Everton v Liverpool
Ten-man Everton eventually succumbed to defeat in the 216th Merseyside derby as Jack Rodwell’s first-half red card left them facing what proved an insurmountable challenge.
Andy Carroll and Luis Suarez scored the goals – and Tim Howard saved a Dirk Kuyt penalty – but the name on the lips of every home fan was that of referee Martin Atkinson following his decision to dismiss Rodwell midway through the first half.
The Yorkshire referee had sent off 14 players since the start of last season going into the game – more than any other top flight official – and he added number 15 to that count as he gave the Everton midfielder his marching orders.
Most observers felt the challenge was scarcely deserving of sanction – let alone a red card.
It spoiled the game as a contest and gave the Blues little or no chance against their rivals.
Both subsequent goals came in the second half as the hosts eventually wilted – their numerical disadvantage taking its toll in the latter stages.
Rodwell had been excellent up to his departure and will come back stronger from this latest setback.
And so will the Blues, who can take solace from the fact that a refereeing decision was ultimately the biggest factor in transforming the complexion of the game.
The team news for the hosts centred around the fitness of Tim Cahill with the Aussie – so often a thorn in Liverpool’s side – recovering from a bruised shin inflicted by Vincent Kompany’s studs at Manchester City last week.
But perhaps even more inspiring for Everton supporters was the presence of Louis Saha on the teamsheet, the former France international starting his first league game of the season.
Tony Hibbert also kept his place at right back and, in drawing a blank again, equalled Brian Labone’s Club record of 278 first-team matches without a goal – not that he will care one jot.
He’s more interested in slide tackles, blocks and the grimy side of the game. Here it took him less than a minute to weigh in with his first lusty challenge.
Rodwell quickly trumped that with an adrenaline-soaked cruncher to win the ball from Lucas and that set the tone for a bustling start from the home side.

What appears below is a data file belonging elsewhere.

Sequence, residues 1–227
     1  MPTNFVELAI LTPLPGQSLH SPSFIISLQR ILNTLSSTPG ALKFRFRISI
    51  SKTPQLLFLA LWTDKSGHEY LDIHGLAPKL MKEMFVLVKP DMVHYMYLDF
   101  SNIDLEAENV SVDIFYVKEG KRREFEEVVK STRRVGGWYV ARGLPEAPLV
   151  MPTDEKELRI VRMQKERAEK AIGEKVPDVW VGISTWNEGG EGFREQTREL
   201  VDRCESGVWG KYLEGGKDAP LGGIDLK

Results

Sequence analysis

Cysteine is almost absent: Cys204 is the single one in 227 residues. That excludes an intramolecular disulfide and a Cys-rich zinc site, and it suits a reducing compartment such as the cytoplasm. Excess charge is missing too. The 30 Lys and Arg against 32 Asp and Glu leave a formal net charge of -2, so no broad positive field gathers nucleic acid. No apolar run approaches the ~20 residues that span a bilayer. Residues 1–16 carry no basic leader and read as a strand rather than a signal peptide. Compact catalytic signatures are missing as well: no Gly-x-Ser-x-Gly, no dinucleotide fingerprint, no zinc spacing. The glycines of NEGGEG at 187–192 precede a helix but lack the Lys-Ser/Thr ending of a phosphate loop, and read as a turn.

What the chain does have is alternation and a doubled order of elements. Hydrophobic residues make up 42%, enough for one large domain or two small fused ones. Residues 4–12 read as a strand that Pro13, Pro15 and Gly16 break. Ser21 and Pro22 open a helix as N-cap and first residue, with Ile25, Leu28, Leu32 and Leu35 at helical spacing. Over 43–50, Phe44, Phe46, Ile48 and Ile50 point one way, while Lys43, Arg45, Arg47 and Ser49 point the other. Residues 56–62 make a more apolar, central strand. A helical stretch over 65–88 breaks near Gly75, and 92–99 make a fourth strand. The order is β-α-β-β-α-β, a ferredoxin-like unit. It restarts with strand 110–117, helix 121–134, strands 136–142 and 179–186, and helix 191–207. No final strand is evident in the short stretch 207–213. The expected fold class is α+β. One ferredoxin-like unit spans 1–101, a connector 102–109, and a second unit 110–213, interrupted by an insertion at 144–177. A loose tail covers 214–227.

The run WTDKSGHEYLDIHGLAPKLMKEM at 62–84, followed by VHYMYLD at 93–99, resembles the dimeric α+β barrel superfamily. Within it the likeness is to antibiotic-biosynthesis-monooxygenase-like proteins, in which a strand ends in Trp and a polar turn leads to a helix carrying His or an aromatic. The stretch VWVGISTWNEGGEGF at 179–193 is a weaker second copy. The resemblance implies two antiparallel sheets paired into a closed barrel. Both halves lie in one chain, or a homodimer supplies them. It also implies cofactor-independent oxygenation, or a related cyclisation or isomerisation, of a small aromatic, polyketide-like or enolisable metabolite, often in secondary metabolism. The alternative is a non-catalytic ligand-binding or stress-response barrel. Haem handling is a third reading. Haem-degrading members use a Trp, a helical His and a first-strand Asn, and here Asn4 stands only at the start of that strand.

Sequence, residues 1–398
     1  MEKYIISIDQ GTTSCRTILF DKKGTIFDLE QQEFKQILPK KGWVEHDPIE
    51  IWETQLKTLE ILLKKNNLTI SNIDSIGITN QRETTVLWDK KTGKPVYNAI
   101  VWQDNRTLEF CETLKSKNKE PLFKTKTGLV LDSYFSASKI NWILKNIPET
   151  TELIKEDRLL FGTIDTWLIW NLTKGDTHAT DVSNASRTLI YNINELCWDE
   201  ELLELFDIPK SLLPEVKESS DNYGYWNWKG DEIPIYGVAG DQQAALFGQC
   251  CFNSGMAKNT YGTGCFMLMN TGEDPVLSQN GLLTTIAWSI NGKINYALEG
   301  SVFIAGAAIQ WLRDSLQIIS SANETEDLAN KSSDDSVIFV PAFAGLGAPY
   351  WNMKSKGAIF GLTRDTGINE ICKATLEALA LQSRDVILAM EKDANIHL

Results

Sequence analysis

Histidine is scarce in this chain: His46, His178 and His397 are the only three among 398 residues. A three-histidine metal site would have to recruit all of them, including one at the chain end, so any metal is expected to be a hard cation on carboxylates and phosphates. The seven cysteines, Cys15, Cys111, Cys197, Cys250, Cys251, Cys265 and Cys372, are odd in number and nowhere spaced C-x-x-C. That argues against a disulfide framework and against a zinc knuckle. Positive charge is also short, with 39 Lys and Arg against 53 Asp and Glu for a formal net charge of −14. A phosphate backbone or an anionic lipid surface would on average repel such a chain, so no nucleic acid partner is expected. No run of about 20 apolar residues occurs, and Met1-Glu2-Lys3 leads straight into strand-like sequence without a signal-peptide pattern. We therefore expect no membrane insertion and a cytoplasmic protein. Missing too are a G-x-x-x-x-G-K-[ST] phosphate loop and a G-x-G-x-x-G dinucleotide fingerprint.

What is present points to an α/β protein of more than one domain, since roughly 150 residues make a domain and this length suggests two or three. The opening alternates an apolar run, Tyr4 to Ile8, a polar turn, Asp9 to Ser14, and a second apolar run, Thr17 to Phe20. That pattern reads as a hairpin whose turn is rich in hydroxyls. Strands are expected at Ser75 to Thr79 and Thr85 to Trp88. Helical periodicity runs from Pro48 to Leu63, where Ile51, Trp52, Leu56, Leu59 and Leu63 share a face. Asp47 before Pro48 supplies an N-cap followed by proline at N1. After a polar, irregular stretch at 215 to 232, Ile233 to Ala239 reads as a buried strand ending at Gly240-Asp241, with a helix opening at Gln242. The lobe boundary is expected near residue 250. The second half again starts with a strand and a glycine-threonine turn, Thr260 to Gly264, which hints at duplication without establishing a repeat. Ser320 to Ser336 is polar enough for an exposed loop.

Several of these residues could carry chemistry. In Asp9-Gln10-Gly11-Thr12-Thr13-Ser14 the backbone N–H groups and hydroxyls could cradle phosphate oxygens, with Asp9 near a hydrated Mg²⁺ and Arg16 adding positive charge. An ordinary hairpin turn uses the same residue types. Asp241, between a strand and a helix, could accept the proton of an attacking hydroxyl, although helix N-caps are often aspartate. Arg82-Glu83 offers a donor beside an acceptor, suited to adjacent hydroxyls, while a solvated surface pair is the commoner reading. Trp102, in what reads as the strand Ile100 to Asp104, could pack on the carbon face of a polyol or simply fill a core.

It was the sort of clean, hard and committed tackle that makes a derby match but more importantly - it was fair.
Yet midway through the half the midfielder was dismissed for a similar challenge as referee Atkinson made a decision that was greeted by universal condemnation from the Goodison faithful.
Rodwell slid in to win the ball from Luis Suarez – right in front of Atkinson and the official left the Everton players and fans aghast by reaching for red.
Replays in the press box revealed the midfielder won the ball with his sliding challenge and understandably Rodwell was devastated as he was unjustly asked to leave the field.
By that point the teams had enjoyed a decent chance apiece.
The first fell to the visitors as Phil Jagielka’s error let in Kuyt down the left. The Dutchman crossed and Suarez really should have tucked away a header at the back stick after peeling off Leighton Baines.
Howard promptly propelled play back up the other end and some classy interplay involving Saha and Rodwell released Coleman and he crossed for Cahill to head powerfully at goal – Reina’s fingertips denying him an opener.
Soon Atkinson’s intervention knocked the Blues out of their stride. Osman filled the gap in the middle and Cahill dropped to the left side.
Survival mode kicked in as the Blues tried to regroup, but if Atkinson already hadn’t done enough to stoke the ire of the home support he promptly irked them further by awarding the visitors a penalty.
Jagielka was the culprit as he tried to beat Suarez to the ball and instead took out the Uruguayan.
But Kuyt, previously the scourge of Everton from the spot, was thwarted by Howard as the USA keeper produced an outstanding save low down to his left.
Charlie Adam then cracked a 25-yarder off the underside of the crossbar as the home goal continued to live a charmed life. The Blues reached half-time all square and they had done well to do so.
Little changed after the break as the numerical disparity continued to manipulate the pattern of the match.
And once Saha had fired a rare effort wide at one end, he found himself clearing an Andy Carroll header off the line at the other.
That feat was quickly matched by Jagielka before Howard made another great save to rescue his side.
The left flank had been a problem since the dismissal and Royston Drenthe arrived for Coleman as Moyes shuffled his diminished pack.
Saha then reminded everyone of his threat by sending a ferocious long-range effort inches wide with Reina floundering.
It was an isolated foray forward and soon the pressure told.
Firstly, Jose Enrique and substitute Craig Bellamy combined to put it on a plate for Carroll.
The second soon followed as Sylvain Distin failed to clear his lines and Suarez made the most of the error to slot past Howard.
The final whistle was greeted by a chorus from the home fans as they tried to lift their side after a hurtful but luckless defeat.